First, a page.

Russia media under threat

Whole world descends on Russia with condemnations for trumped up case against investigation journalist

Russia media under threat

Whole world descends on Russia with condemnations for trumped up case against investigation journalist

10 June 2019 Monday 08:02
Russia media under threat


Azaniapost/Agencies
All journalists in Russia are under threat following the arrest of a prominent investigative journalist on trumped up drug charges that have met worldwide condemnation.


Author of a number of hard-hitting reports on alleged corruption by Russian officials and government-linked business people for opposition-friendly news site, Meduza, Ivan Golunov, was arrested on his way to meet an unnamed source and detained by police in central Moscow.


Meduza editor-in-chief Ivan Kolpakov made the comment on what has been described as a watershed moment for the country’s beleaguered independent media.


Officers initially said they found over 3 grams of mephedrone — a synthetic stimulant popular among clubbers that is also known as “bath salts” — in Golunov’s backpack. Police then searched the journalist’s apartment and said they discovered 5.37 grams of cocaine, as well as a drug-making laboratory.


Golunov denies the accusations and says he was set up by police, who refused to allow him to speak to a lawyer until the day after his arrest.


“This is a threat for all journalists in Russia,” said Kolpakov. “If the police can allow themselves to falsify a case against a well-known journalist in such a crude manner, then what can those journalists who are less well-known expect?”


“We are absolutely certain that the arrest is connected to his work,” Ivan Kolpakov, Meduza’s editor-in-chief, told POLITICO. “He had been receiving threats over material that he has been working on.”


Kolpakov said that Golunov’s most recent investigation concerned highly-placed officials and figures with links to Russia’s powerful state security services. He declined to reveal details of the as-yet-unpublished article, which Golunov filed just hours before his arrest, but said: “It’s likely that the decision was taken by people within the security services.”


Friends and colleagues said the journalist is a clean-living teetotaler and described allegations of involvement with drugs as absurd. “His only drug is curiosity,” wrote a former colleague, on Twitter. “But in Russia that’s against the law.”


Golunov’s lawyer, Dmitry Dzhulai, said his client had told him that police assaulted him twice after his arrest, including when he refused to sign a police report without legal advice. Doctors who visited him in custody said he had suspected broken ribs, a concussion, and severe bruising of the scalp, as well as other injuries.


 However, medics at a Moscow clinic said Golunov did not require hospitalization, a decision that Kolpakov said was likely taken after pressure from investigators. Police deny the allegations of violence.


  “I never thought I’d be present at my own funeral,” a tearful Golunov said when he appeared in court. A judge placed the journalist, who was kept in a metal cage throughout the court hearing, under house arrest for two months. Hundreds of protesters chanting “Freedom!” gathered in support of Golunov outside the courthouse.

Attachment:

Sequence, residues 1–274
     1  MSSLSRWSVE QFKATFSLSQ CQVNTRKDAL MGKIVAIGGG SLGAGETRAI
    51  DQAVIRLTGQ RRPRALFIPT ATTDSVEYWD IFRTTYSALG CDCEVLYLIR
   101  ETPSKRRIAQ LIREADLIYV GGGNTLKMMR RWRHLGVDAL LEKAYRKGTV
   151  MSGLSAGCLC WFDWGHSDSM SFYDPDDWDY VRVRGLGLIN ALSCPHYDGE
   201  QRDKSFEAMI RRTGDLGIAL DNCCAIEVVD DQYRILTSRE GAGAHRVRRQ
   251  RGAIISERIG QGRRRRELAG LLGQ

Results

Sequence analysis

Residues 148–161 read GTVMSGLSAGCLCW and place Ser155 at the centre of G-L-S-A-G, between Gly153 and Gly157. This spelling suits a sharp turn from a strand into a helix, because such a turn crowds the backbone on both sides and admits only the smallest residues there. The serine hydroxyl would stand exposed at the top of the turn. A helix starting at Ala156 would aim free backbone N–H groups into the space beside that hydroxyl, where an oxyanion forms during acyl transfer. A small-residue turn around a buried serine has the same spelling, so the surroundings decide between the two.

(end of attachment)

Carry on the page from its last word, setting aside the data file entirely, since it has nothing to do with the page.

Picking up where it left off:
Prosecutors had asked the court to keep Golunov in custody, and the judge’s decision to deny that request was unexpected. Kolpakov said he believed the ruling was influenced by the massive show of support for the Meduza reporter.


“This is a threat for all journalists in Russia,” said Kolpakov. “If the police can allow themselves to falsify a case against a well-known journalist in such a crude manner, then what can those journalists who are less well-known expect?”


Russia’s interior ministry, which oversees the work of the police, published photographs purporting to show the drug laboratory in Golunov’s apartment. However, the ministry later removed all but one of the images from its website after admitting that the apartment in question was not Golunov’s.


 Reporters Without Borders, the Paris-based media watchdog, recently rated Russia 149th out of 180 countries for media freedom.


Thirty-nine  employees of the three main state media outlets — Rossiya Segodnya, RIA Novosti and Tass —signed an open letter by the Russian Union of Journalists calling for Golunov’s release. Russian musicians and other celebrities also spoke in his defense.
  
MediaZona, another Russian news website that is often critical of the authorities, said the arrest was a blatant attempt to intimidate investigative journalists: “We must defend Ivan for the sake of the future of independent journalism, without which there is also no future for the entire country.”


 There have also been protests in support of Golunov in dozens of other Russian towns and cities, from Vladivostok to St. Petersburg. Protests of varying sizes also took place outside Russian embassies in Berlin, Kiev, London, Riga and Washington.

Updated: 10.06.2019 08:09
Comments
Avatar
Your Name
Post a Comment
Characters Left:
Your comment has been forwarded to the administrator for approval.×
<strong>Warning!</strong> Will constitute a criminal offense, illegal, threatening, offensive, insulting and swearing, derogatory, defamatory, vulgar, pornographic, indecent, personality rights, damaging or similar nature in the nature of all kinds of financial content, legal, criminal and administrative responsibility for the content of the sender member / members are belong.